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I Have a Stupid Question

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posted on Jul, 21 2016 @ 04:47 PM
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So, this is an odd one.

I've put off posting this mainly because I figured that I would have found an answer by now, but I haven't.
Down the street from me there is a dark forest green USPS box on the corner. I've walked by it a million times and never really gave it any thought, until about a month ago or so. You see, this box has absolutely NO openings, hinges or keyholes ANYWHERE on it.

I thought that was odd. I mean, what purpose could this thing serve if you can't even open it up anywhere. I did a little online searching looking for answers and all I found were references to them being a drop off box for the mail carriers to leave mail for other carriers. But, all of the ones on the net that they showed had an obvious door on one side or the other. This one down the road has NO openings at all.

So, I thought maybe it was just some type of infrastructure disguised as a post box for aesthetic reasons. So the last time I walked by I checked the entire thing for wires or power sources anywhere on it, and there was nothing to be found. It sits on a concrete pad, bolted down, but with no visible wiring or anything.

Now, I'm not really freaked out or paranoid about it, I just want to be able to wrap my head around the purpose of the damn thing. I hate when I can't understand somethings reasoning.

Does anybody have any clue why there would be a USPS post box with no openings, hinges or keyholes anywhere


ETA- I can probably walk down and get a few pics in a bit if anyone is interested I reckon.
edit on 21-7-2016 by Chickensalad because: (no reason given)




posted on Jul, 21 2016 @ 04:49 PM
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I wanna see a pic of it



posted on Jul, 21 2016 @ 04:51 PM
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Mini Tardis maybe?

A pic would be good...



posted on Jul, 21 2016 @ 04:51 PM
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Pictures would be helpful. So, a solid box with no scews hold panels together?



Street letter boxes have been painted a number of different colors by the Postal Service over the years, but their exact colors for the decades after their introduction in the 1850s is unknown. The earliest known reference to the color of collection boxes is found in The Story of the Post Office (1889), by W.B. Jones, although it is not clear whether the colors applied only to boxes in Boston or to those in other cities as well: There are over 800 street letter boxes from which collections are made by the Boston [post] office and its sub-stations. To people who reside within this postal district it is well known that some of these boxes are painted red and others green. The red boxes are the most important ones, and they are visited every hour by the carriers. Another reference is found in a report of Fourth Assistant Postmaster General J. L. Bristow, dated October 24, 1903, and part of the Congressional Serial Set. The Machen referred to is A. W. Machen, General Superintendent of the Free-Delivery System from May 6, 1893, until May 27, 1903. The color of the paint of the street letter boxes has been changed from time to time according to the taste of the administrative officers of the Department. Years ago it was dark green, afterwards vermilion red . . . In 1897 Machen adopted the aluminum color, and also changed the method of painting . . . posts to be painted green, boxes aluminum bronze. By at least 1909, collection boxes were painted green. On February 27, 1913, however, Postmaster General Frank H. Hitchcock ordered that collection boxes be painted “either vermilion or coach-red.” Ten weeks later, on May 10, the order was rescinded by Postmaster General Albert S. Burleson because fire departments, city councils, and the public complained about the confusion with red fire boxes and equipment. The boxes were repainted green. Green gave way to olive drab after World War I when the War Department gave the Post Office Department a vast supply of surplus olive drab paint. This became the standardized color for collection boxes and remained in use until 1955. On the Fourth of July in 1955, Postmaster General Arthur Summerfield announced that street collection boxes would be painted red, white, and blue to make them easily identifiable. The new paints also were longer lasting. Specifications for the red, white, and blue color scheme were printed in Postal Bulletin 19867, dated August 9, 1955. When the Post Office Department was reorganized, creating the United States Postal Service in 1971, a solid, deep blue color for collection boxes was announced. Reflective decals with the new Postal Service logo were attached to the mailboxes. This color scheme is still used today, with the substitution of the newest Postal Service logo, the “sonic eagle” in white on a blue background, which was adopted in 1993.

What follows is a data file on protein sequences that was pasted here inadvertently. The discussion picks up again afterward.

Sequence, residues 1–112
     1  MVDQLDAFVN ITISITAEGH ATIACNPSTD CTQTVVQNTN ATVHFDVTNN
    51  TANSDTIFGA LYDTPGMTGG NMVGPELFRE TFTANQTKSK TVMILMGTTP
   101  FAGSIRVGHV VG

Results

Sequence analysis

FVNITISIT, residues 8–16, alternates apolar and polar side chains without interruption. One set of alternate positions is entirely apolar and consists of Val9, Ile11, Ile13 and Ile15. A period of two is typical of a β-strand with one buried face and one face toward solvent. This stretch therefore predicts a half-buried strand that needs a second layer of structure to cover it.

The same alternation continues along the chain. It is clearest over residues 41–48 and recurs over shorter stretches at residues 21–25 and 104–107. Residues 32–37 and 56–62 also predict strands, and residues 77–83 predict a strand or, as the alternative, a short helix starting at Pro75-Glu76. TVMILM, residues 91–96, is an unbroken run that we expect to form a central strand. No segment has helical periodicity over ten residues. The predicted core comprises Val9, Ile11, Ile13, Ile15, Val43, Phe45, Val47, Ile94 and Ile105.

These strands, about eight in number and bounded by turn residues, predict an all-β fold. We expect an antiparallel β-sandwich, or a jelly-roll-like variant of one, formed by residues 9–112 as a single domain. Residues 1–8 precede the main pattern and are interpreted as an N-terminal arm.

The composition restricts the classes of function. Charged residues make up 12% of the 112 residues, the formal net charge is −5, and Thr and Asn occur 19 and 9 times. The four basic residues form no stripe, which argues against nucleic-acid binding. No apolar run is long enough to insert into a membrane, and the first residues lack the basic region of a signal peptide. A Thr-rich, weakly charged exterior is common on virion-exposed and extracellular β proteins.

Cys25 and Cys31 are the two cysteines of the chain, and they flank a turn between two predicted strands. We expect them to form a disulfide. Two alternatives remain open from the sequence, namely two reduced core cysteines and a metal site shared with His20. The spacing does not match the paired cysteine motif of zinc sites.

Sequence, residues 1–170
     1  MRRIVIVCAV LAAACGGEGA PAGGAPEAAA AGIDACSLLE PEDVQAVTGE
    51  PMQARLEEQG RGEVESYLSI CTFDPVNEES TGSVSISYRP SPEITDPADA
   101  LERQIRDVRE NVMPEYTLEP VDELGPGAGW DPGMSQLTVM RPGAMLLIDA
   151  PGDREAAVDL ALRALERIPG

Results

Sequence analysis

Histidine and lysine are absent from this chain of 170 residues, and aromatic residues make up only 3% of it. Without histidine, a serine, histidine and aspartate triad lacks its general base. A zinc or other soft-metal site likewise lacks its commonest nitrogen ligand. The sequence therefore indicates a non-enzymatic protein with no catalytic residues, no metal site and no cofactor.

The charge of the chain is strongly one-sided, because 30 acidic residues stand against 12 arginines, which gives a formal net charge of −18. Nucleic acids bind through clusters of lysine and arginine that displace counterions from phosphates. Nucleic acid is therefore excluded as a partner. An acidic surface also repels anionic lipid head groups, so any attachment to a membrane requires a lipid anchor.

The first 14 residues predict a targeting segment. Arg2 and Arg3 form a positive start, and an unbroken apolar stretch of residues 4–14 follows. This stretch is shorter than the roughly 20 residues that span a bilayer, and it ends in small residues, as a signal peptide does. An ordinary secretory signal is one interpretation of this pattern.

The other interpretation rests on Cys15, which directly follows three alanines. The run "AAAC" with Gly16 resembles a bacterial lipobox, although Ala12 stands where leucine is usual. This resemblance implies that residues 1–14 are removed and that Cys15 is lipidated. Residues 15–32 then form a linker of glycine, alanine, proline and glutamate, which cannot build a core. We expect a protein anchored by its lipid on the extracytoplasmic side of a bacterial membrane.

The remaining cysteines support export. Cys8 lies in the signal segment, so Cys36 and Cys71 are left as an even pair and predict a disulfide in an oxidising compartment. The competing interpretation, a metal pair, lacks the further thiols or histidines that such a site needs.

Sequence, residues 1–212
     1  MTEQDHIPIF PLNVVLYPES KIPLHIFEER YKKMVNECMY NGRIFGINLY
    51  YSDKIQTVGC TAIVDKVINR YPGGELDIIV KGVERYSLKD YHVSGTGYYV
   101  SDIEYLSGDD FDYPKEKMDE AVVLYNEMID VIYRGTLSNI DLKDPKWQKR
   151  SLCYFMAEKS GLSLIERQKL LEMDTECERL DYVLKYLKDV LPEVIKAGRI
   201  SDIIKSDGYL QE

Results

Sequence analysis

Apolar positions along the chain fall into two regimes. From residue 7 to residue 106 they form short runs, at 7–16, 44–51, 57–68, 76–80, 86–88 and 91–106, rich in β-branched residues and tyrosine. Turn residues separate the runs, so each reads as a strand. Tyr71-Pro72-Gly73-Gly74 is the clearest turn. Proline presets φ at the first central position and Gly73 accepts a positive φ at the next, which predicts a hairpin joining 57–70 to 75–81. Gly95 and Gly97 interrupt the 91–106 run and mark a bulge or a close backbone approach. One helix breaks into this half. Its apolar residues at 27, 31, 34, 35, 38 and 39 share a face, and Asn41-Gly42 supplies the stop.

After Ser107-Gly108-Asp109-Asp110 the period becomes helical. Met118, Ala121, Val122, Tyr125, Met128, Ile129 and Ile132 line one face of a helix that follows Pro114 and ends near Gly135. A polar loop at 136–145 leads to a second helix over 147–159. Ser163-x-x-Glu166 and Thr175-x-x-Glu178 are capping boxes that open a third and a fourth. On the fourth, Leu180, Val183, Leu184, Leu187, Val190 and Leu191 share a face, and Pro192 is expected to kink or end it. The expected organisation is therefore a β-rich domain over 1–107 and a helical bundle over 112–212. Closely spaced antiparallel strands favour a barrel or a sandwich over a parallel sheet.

about.usps.com...
edit on 21-7-2016 by Onesmartdog because: (no reason given)



posted on Jul, 21 2016 @ 04:52 PM
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Alrighty, I'll head down thataway here in a few and try to get a couple of pics.

It might be a min because I'm suppose to be mowing right now, mwahaaha!



posted on Jul, 21 2016 @ 05:02 PM
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a reply to: Chickensalad

Seems intriguing ,if I were you I'd try to unbolt it and see what it hides(done discretely obviously),curiosity in this case would more than likely get the best of me here,especially since you said the ones you seen online have an obvious door but this has no openings.


edit on 21-7-2016 by VashTheStampede because: (no reason given)



posted on Jul, 21 2016 @ 05:06 PM
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Dr. Who, downgrade?



posted on Jul, 21 2016 @ 05:07 PM